A Cambridge combination

Horizon to acquire Zalicus’ CombinatoRx business and assets for $8 million

Kelsey Kaustinen
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CAMBRIDGE, U.K. & CAMBRIDGE, Mass.—Horizon Discovery Group plc will be boosting its screening capabilities with a recently announced agreement to acquire the CombinatoRx service business—known as the combination high-throughput screening (cHTS) business—and related assets of biopharmaceutical company Zalicus Inc.
Horizon will acquire the business for £4.74 million (about $8 million), after which it will become a wholly owned subsidiary of Horizon and be renamed Horizon CombinatoRx Inc.
Following the acquisition, Horizon will further develop and support the acquired assets, says CEO Dr. Darrin Disley, which include “two fully integrated robotic screening platforms optimized for combination screening, outstanding customer contracts, the Chalice informatics platform, a highly characterized library of approximately 800 cell lines and an extensive compound and chemical probe library.” Horizon will maintain the CombinatoRx laboratory and office space in Cambridge, Mass. As for the new business’ management team, Jeb Ledell, Zalicus’ vice president of corporate operations, will serve as chief operating officer of Horizon CombinatoRx, with Horizon’s Lydia Meyer Turkson taking on the role of vice president (U.S.) of business development.
“This acquisition supports several of Horizon’s stated growth objectives,” says Disley, “including deepening of our screening capabilities, establishing a footprint in the United States, accessing exciting technologies that provide real value to our customers and acquiring businesses that are accretive and where Horizon can bring additional value. The acquisition of the assets of CombinatoRx succeeds on all of these measures, and we are very excited about the prospects for the business.”
Horizon CombinatoRx will offer access to the cHTS platform—an integrated, automated system of customized hardware and software for combination high-throughput screening in phenotypic mammalian cell-based assays—and Chalice analytics software, which allows for the screening and analysis of thousands of complementary drug combinations. When combined with Horizon’s GENESIS gene editing platform and X-MAN isogenic cell line technology, the new business will be able to offer an expansive solution in terms of drug discovery and development services.
“An emerging and important part of Horizon’s business is to provide controlled preclinical model systems through the use of isogenic cell lines, where the genetic modification of interest can be directly compared to its matched normal cell. Until now, these screens have been used to look at compounds in isolation, but by combining Horizon’s capabilities—GENESIS gene editing platform (using rAAV, CRISPR & ZFN technologies) and X-MAN isogenic cell line technology—with CombinatoRx’ high-throughput screening capabilities, Horizon now has an engine that can support and drive forward our Pharma partners’ programs, identifying synergistic or antagonistic interactions between small-molecule drugs, therapeutic antibodies or proteins that can be developed as therapeutic candidates,” says Disley.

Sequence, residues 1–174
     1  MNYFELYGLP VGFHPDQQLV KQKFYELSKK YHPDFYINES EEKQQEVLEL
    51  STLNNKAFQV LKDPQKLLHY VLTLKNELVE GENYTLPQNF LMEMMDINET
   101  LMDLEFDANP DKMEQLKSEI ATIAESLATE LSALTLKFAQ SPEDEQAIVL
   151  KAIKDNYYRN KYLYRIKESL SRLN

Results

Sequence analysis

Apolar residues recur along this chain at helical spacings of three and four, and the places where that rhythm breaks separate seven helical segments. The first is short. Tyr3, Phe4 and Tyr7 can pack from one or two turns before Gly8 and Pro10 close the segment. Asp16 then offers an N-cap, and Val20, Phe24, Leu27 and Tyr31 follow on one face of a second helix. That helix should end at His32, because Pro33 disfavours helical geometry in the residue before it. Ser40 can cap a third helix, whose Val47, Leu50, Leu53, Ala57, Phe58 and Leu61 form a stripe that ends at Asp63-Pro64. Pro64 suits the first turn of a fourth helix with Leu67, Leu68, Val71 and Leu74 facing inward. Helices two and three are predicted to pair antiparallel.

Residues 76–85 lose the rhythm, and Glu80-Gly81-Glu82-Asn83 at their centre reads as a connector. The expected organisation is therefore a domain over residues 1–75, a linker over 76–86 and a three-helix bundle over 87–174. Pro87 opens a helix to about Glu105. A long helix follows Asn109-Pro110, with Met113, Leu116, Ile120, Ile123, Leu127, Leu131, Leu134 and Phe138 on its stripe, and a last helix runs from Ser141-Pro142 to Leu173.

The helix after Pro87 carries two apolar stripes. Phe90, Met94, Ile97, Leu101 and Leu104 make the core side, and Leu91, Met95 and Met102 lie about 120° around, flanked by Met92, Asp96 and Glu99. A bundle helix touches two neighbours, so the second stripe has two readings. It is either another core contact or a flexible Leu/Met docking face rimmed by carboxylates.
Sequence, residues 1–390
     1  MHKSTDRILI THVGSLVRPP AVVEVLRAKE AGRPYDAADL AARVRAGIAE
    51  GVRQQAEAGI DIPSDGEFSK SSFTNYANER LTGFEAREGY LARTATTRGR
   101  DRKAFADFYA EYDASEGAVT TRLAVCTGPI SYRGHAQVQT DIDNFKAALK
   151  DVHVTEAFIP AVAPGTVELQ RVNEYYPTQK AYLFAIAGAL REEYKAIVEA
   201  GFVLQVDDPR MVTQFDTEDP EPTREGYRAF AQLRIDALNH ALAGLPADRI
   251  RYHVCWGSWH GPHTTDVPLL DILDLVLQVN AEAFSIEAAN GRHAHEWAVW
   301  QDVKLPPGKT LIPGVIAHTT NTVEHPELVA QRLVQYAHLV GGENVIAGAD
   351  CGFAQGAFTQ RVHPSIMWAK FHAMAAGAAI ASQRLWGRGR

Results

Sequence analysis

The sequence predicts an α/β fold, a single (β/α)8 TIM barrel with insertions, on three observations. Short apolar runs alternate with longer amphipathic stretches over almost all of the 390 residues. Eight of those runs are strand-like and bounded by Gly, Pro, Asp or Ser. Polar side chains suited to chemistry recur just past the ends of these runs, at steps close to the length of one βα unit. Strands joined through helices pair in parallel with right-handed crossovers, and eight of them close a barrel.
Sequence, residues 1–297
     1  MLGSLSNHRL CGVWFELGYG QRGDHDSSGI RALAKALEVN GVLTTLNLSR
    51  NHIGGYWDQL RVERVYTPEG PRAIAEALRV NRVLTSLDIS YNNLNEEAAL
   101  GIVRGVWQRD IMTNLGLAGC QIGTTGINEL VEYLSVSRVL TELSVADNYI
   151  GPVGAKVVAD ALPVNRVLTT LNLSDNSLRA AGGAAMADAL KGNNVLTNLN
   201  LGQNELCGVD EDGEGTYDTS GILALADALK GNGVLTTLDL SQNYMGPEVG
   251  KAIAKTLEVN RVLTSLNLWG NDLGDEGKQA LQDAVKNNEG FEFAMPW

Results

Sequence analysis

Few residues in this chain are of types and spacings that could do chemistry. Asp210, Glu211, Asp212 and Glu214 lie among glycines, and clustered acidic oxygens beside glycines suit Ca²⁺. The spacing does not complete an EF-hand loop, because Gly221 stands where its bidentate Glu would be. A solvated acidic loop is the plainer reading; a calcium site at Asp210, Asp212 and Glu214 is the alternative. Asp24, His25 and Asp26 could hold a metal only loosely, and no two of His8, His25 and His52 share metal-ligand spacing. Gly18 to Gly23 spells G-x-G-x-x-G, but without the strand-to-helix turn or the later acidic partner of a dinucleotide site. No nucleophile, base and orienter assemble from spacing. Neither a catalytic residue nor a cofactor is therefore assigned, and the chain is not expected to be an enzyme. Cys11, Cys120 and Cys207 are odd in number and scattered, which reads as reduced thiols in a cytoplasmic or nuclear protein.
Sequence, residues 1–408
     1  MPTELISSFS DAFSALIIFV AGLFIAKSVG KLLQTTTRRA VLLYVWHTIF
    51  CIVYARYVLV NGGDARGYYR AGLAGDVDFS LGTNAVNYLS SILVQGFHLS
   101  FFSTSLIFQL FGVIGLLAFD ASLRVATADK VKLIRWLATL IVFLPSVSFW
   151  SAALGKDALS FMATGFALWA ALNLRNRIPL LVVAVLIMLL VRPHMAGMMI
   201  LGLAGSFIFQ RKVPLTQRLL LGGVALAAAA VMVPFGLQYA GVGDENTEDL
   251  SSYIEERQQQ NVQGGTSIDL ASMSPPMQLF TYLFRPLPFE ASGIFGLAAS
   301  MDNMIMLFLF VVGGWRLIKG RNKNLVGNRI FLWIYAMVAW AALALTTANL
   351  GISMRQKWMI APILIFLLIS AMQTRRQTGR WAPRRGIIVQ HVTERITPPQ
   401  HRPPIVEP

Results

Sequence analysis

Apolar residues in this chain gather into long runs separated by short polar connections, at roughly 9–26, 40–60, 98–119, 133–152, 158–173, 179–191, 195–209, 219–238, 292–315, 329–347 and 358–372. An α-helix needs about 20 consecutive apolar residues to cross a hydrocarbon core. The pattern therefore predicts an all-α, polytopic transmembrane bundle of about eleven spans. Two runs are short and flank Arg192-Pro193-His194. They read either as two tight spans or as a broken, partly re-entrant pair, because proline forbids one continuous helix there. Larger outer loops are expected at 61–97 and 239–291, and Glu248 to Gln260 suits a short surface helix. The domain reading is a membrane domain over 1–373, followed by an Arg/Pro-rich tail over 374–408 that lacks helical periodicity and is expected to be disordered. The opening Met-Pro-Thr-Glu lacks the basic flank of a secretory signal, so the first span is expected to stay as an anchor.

“I am pleased that the cHTS platform will continue to be leveraged to its fullest potential under the stewardship of Horizon,” Dr. Mark H.N. Corrigan, president and CEO of Zalicus, commented in a statement regarding the closing of the transaction. “In addition, the sale of cHTS has increased our cash balance by approximately $8 million, ensuring Zalicus shareholders with at least a 17-percent ownership position in our previously announced merger with Epirus Biopharmaceuticals.”
Zalicus announced the signing of a definitive merger agreement with Epirus on April 16, under which Epirus will merge with a wholly owned Zalicus subsidiary in an all-stock transaction. Once the transaction closes, Zalicus will be renamed Epirus Biopharmaceuticals Inc. and will be led by the Epirus management team, with Amit Munshi serving as president and CEO. Zalicus’ Corrigan will step up as chairman of the combined company’s board of directors and will be joined by representatives of the boards of both the existing Epirus and Zalicus.
The percentage of the combined company to be held by Zalicus stockholders as of the closing of the merger is dependent on the level of Zalicus’ net cash at closing; current Zalicus shareholders will own roughly 17 percent of the combined company if Zalicus’ net cash is equal to or in excess of $9 million but less than $12 million at the time of closing. The transaction is expected to close this summer.

Kelsey Kaustinen

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